Automatic Tachycardias

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intensive care. Martin Barraud/Getty Images

Automatic tachycardias are a type of rapid cardiac arrhythmias that occur when abnormal electrical impulses are generated from somewhere within the heart.

Causes of Tachycardias

The word tachycardia simply means a rapid heartbeat, specifically, a heart rate of greater than 100 beats per minute. There are three general causes of tachycardia:

  • Normal tachycardia (or sinus tachycardia) is a normal phenomenon most of us experience each day. It occurs because the sinus node speeds up the rate at which it generates electrical impulses in response to exertion or stress. (There is one type of abnormal sinus tachycardia called inappropriate sinus tachycardia, or IST. You can read about IST here.)
  • Reentrant tachycardia is a cardiac arrhythmia caused by an abnormal electrical connection somewhere in the heart that creates a potential circuit. Reentrant tachycardias start and stop suddenly and for no apparent reason, and most often occur in people who are otherwise completely healthy.
  • Automatic tachycardias do not involve an abnormal electrical circuit but instead, are caused by the spontaneous generation of electrical impulses from somewhere other than the sinus node. These arrhythmias are often seen in people who are medically unstable.

Characteristics Of Automatic Tachycardia

In automatic tachycardias, cells in some location within the heart begin producing their own electrical impulses faster than the sinus node does, thus taking over the rhythm of the heart and producing tachycardia.

As with reentrant tachycardias, automatic tachycardias can be either supraventricular (so-called automatic atrial tachycardia, which means that the cells that are "automatically" firing are be located within the atria), or ventricular (automatic ventricular tachycardia, in which the abnormal electrical impulses are coming from the ventricles).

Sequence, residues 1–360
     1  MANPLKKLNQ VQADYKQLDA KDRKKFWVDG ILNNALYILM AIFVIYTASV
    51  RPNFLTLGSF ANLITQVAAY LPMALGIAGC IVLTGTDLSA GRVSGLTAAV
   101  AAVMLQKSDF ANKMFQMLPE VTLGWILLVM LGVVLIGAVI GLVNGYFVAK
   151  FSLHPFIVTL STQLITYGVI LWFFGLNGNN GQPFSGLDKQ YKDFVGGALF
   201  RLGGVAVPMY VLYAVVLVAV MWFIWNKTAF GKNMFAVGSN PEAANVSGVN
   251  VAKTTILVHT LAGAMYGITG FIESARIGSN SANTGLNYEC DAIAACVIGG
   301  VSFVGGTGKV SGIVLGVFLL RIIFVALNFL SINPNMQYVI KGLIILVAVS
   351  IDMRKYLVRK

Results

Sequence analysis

In addition, automatic junctional tachycardia can occur when the abnormal impulses arise near the AV node, which is near the "junction" of the atria and the ventricles).

In stark contrast to the reentrant tachycardias, automatic tachycardias are most commonly seen in people who are acutely ill.

In particular, automatic arrhythmias tend to occur in people who have acute lung disease (such as pulmonary embolus or pneumonia), acute myocardial infarction (heart attacks), or in people who have various severe abnormalities in their metabolic condition - such as low blood oxygen levels, low potassium or magnesium blood levels, or very high levels of adrenalin.

This means that automatic tachycardias are most commonly seen in particularly unstable patients in the hospital setting, such as patients in intensive care units.

There are exceptions, however. A rare condition called automatic atrial tachycardia (also called ectopic atrial tachycardia) can occur young, otherwise healthy people. Unlike reentrant atrial tachycardia, this condition tends to be persistent instead of intermittent, and can lead to tachycardia-induced heart failure. Automatic atrial tachycardia is usually treated with ablation therapy.

Treatment of Automatic Arrhythmias

In general, the most effective treatment for automatic tachycardia is to identify and reverse the underlying medical problem.

Once the patient’s lung condition, cardiac condition, or metabolic abnormalities are stabilized the arrhythmia goes away. So in almost all cases, the treatment for automatic tachycardias is to rapidly stabilize the underlying medical conditions.

Usually, when a patient who has had automatic tachycardia is healthy enough to leave the hospital, the arrhythmia has already resolved. There is no reason to consider using chronic antiarrhythmic drugs. Preventing further arrhythmias is a matter of taking whatever steps are possible to prevent a recurrence of the medical problem that caused the arrhythmia.

Sources:

Astridge PS, Kaye GC, Perrins EJ. Current approaches and future developments in automatic tachycardia detection and diagnosis. Br Heart J' 1993;70:106-1 10.

Poutiainen AM, Koistinen MJ, Airaksinen KE, et al. Prevalence and natural course of ectopic atrial tachycardia. Eur Heart J 1999; 20:694.

Moore JP, Patel PA, Shannon KM, et al. Predictors of myocardial recovery in pediatric tachycardia-induced cardiomyopathy. Heart Rhythm 2014; 11:1163.

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